Foreign diplomats have left a trail of almost 300 unpaid parking and speeding fines in a year, leaving authorities unable to recoup more than $75,000. The highest individual fine incurred and left unpaid since November last year was $1714 by the High Commission of Nigeria for running a red light. The most unusual fine was the Embassy of Mexico being fined $693 for driving an uninsured motor vehicle, and perhaps the most worrying was a fine issued to the Saudi Arabian Embassy for $387 for a child under seven not wearing a seatbelt. While the fines were incurred across 42 embassies and high commissions for offences in the ACT, diplomats from the Embassy of Saudi Arabia racked up the most unpaid parking and speeding fines of all the diplomatic corps in Australia in the past year. In figures obtained by Fairfax Media, Saudi officials had unpaid fines totalling almost $25,000 for the 12 months to March 2015. The Saudi Embassy racked up 120 fines – one almost every three days – with the highest $989 for speeding through a red light camera. It is the second year consecutive the Saudis have had the most unpaid fines. In 12 months to March 2014 Saudi diplomats and privileged persons accumulated 125 unpaid fines. The second highest number of unpaid parking and speeding fines was the Embassy of the Russian Federation which had 24 fines outstanding as of March this year. This was half the number of the previous year when it had 49 unpaid fines. The embassies of Jordan and Libya had 23 and 11 unpaid fines respectively while Kuwait and Papua New Guinea had nine each. Figures obtained under freedom of information from the Department of Foreign Affairs and Trade for Canberra revealed that the United States Embassy had seven unpaid fines, a couple for speeding 15 kilometres above the limit with the diplomatic car captured by point-to-point speed cameras. The most common offence for all the diplomatic corps was speeding caught by red light cameras with 72 fines handed out. It is believed the unpaid fines may never be paid because representatives of foreign countries are able to avoid fines through diplomatic immunity under the 1961 Vienna Convention. In NSW the Office of State Revenue reported five speeding fines and four parking fines remained outstanding for the past year from diplomats. A department spokeswoman said there was no diplomatic immunity from parking or speeding fines issued in NSW. Government figures show that there were 3562 diplomats in Australia in the 2013-2014 financial year.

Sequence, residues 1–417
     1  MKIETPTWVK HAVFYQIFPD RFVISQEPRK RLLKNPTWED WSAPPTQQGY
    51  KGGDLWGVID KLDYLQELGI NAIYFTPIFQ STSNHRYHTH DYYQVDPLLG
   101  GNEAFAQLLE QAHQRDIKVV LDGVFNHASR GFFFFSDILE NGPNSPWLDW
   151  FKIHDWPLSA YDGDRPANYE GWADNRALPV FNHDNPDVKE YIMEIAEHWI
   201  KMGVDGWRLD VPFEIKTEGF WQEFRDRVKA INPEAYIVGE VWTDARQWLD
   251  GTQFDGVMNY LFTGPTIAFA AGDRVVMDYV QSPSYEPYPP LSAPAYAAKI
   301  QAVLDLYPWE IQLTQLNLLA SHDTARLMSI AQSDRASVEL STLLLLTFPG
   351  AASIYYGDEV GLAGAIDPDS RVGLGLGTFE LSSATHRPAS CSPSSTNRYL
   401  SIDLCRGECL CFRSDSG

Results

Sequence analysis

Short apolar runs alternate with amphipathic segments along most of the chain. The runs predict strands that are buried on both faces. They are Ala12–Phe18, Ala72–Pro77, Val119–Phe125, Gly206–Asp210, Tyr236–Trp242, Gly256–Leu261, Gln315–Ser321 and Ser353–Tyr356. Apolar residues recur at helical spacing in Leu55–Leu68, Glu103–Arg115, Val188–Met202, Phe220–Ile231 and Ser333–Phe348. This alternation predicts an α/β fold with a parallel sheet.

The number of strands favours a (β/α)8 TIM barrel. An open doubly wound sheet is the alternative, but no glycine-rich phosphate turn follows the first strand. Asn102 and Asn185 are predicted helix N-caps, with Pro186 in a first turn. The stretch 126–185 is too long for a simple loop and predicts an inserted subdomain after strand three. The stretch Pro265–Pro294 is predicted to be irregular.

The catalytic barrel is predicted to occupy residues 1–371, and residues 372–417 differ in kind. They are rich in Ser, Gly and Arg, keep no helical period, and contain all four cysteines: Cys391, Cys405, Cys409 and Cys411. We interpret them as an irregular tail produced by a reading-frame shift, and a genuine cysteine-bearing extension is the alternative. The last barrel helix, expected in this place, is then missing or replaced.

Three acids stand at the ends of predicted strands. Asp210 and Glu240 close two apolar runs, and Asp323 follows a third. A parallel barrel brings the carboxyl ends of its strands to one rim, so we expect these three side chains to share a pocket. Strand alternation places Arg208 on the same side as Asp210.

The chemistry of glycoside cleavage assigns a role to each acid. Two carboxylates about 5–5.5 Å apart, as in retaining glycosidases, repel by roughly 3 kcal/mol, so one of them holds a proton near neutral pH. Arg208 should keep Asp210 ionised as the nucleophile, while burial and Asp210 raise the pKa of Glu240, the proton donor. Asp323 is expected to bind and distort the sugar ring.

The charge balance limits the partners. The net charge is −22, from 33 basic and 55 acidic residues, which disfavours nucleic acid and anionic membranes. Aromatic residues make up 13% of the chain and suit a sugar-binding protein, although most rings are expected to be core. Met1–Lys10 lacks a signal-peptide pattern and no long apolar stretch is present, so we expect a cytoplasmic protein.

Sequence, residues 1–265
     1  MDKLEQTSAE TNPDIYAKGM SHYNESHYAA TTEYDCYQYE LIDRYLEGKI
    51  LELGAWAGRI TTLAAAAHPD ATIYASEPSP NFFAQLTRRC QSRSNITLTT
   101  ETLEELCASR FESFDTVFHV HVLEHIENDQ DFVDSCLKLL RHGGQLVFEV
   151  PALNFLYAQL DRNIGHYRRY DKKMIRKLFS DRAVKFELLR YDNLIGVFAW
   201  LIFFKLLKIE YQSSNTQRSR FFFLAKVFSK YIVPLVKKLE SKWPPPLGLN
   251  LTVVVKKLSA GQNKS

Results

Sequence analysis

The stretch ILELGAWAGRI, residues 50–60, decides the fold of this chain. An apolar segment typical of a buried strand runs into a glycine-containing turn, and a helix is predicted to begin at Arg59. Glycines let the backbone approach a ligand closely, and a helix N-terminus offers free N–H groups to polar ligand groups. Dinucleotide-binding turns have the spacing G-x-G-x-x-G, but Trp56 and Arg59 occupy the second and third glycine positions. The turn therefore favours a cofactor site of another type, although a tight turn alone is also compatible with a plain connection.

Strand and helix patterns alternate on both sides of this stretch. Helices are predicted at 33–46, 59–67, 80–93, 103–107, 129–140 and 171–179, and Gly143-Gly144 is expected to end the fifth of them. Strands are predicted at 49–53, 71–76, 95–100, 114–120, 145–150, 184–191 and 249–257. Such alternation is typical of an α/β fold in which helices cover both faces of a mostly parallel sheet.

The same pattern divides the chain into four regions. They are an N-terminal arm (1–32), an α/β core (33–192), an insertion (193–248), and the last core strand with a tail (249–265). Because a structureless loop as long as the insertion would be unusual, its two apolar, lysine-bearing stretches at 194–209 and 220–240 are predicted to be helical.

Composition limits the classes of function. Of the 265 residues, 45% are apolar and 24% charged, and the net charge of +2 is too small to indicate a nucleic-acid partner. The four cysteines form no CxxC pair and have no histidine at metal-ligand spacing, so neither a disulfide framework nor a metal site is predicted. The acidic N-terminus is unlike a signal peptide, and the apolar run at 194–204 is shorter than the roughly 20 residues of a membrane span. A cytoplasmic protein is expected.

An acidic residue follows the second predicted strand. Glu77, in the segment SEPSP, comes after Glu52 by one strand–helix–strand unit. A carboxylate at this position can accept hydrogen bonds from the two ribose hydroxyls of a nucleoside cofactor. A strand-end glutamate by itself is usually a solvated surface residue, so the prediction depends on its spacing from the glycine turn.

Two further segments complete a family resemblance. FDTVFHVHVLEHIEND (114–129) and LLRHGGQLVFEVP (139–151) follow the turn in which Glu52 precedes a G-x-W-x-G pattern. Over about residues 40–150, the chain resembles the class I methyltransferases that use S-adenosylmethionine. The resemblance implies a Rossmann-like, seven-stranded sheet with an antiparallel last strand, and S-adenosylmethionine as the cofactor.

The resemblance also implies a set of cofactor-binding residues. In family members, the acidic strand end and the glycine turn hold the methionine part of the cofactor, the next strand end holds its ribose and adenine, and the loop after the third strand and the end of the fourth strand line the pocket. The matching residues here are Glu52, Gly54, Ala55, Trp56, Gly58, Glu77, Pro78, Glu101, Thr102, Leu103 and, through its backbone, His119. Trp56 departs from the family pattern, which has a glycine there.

Your exclusive news aggregator handpicked daily!